W3C home > Mailing lists > Public > www-svg@w3.org > September 2007

300x150 px defaults too aggressive

From: Jonathan Watt <jwatt@jwatt.org>
Date: Mon, 17 Sep 2007 11:03:59 +0200
Message-ID: <46EE42FF.2030105@jwatt.org>
To: www-svg@w3.org, www-style@w3.org, public-cdf@w3.org

Hi all,

I originally sent the following mail to the private working group lists, but in 
retrospect I should have sent it to the public lists. Resending.

While working on the replaced element code for Mozilla I've come across some
cases where the behavior currently mandated by the CSS 2.1 text is
counterintuitive, and unnecessarily so. Please consider the following case
(contrived for simplicity), where the ’width’ and ’height’ attributes provide
the intrinsic width and height:

   <svg style="width:100%;" width="100%" height="100px"/>

Since the intrinsic and specified widths are both 100%, and the intrinsic height 
is 100px, one might reasonably expect the replaced element to have a used width 
of 100% and a used height of 100px. However, the current CSS 2.1 text says the 
used height must be 150px. (Note the SVG in this example has no intrinsic ratio 
because the ’width’ attribute has a percentage value.)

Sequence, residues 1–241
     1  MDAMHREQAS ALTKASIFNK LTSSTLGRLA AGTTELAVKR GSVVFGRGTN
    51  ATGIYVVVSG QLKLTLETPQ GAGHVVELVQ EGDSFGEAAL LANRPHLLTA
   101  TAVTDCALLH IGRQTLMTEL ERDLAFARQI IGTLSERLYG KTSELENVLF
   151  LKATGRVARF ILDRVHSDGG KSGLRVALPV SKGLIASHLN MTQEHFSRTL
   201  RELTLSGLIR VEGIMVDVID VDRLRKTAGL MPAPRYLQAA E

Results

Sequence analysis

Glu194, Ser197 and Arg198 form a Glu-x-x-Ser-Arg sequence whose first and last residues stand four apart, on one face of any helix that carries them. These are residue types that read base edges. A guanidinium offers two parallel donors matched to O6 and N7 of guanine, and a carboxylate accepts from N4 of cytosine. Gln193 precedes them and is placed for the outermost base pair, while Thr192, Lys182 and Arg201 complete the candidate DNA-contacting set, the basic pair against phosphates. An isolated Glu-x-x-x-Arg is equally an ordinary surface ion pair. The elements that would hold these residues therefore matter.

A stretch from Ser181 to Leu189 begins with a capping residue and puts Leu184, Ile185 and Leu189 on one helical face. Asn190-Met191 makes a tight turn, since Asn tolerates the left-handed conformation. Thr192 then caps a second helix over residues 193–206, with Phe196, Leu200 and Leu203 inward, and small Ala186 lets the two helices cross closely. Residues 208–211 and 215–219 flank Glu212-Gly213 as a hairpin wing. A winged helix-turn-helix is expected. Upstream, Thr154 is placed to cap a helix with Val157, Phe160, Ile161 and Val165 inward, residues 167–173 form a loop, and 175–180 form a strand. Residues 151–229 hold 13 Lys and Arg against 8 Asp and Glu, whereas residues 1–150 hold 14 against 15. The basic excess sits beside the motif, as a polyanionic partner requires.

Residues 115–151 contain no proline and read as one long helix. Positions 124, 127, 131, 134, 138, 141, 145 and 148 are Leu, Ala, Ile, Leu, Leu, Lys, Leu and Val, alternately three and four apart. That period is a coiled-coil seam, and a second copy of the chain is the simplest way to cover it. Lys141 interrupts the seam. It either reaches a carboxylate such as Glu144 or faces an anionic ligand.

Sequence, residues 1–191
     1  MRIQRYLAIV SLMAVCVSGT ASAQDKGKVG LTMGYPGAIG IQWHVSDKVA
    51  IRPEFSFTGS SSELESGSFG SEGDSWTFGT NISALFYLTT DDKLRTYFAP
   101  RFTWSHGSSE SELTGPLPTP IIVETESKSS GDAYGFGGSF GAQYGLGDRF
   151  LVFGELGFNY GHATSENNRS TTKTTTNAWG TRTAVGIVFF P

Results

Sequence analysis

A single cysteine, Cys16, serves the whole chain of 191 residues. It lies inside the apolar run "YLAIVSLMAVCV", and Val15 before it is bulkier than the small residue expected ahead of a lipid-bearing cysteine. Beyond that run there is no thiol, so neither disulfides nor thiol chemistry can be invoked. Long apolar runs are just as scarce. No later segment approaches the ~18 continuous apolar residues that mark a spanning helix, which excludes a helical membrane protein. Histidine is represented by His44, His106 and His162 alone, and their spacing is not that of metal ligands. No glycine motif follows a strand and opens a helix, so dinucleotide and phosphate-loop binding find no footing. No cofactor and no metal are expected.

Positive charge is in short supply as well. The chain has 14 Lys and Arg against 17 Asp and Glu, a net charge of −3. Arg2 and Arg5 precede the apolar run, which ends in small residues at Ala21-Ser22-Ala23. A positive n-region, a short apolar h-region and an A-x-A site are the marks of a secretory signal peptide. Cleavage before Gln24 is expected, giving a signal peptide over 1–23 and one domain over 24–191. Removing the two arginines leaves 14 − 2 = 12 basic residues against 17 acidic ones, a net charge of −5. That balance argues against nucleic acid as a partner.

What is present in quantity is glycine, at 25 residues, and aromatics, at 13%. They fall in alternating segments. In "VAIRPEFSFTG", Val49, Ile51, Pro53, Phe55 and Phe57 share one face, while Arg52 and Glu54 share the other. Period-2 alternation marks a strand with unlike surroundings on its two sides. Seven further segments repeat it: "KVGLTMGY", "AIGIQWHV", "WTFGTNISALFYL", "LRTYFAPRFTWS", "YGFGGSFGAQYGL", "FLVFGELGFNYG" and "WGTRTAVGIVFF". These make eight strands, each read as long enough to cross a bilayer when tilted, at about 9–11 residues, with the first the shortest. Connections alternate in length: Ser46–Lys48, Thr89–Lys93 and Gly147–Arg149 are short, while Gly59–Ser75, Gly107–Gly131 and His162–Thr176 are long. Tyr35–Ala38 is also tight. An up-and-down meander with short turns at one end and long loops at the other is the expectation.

I would propose that this can be reasonably resolved by adding the following
paragraph to section 10.6.2, just before the paragraph beginning "Otherwise, if
’height’ has a computed value of ’auto’, but none of the conditions above are
met, ...":

   Otherwise, if ’height’ has a computed value of ’auto’, and the
   element has an intrinsic height, then that intrinsic height is
   the used value of ’height’.

The same problem exists for width, which could be resolved by adding the
following paragraph to section 10.3.2, just before the paragraph beginning
"Otherwise, if ’width’ has a computed value of ’auto’, but none of the
conditions above are met, ...":

   Otherwise, if ’width’ has a computed value of ’auto’, and the
   element has an intrinsic width, then that intrinsic width is
   the used value of ’width’.

These changes would allow any intrinsic ratio to take precedence, while still 
giving the result authors would no doubt expect when there is no intrinsic ratio.

Regards,
Jonathan
Received on Monday, 17 September 2007 09:04:14 UTC

This archive was generated by hypermail 2.3.1 : Wednesday, 10 December 2014 19:59:27 UTC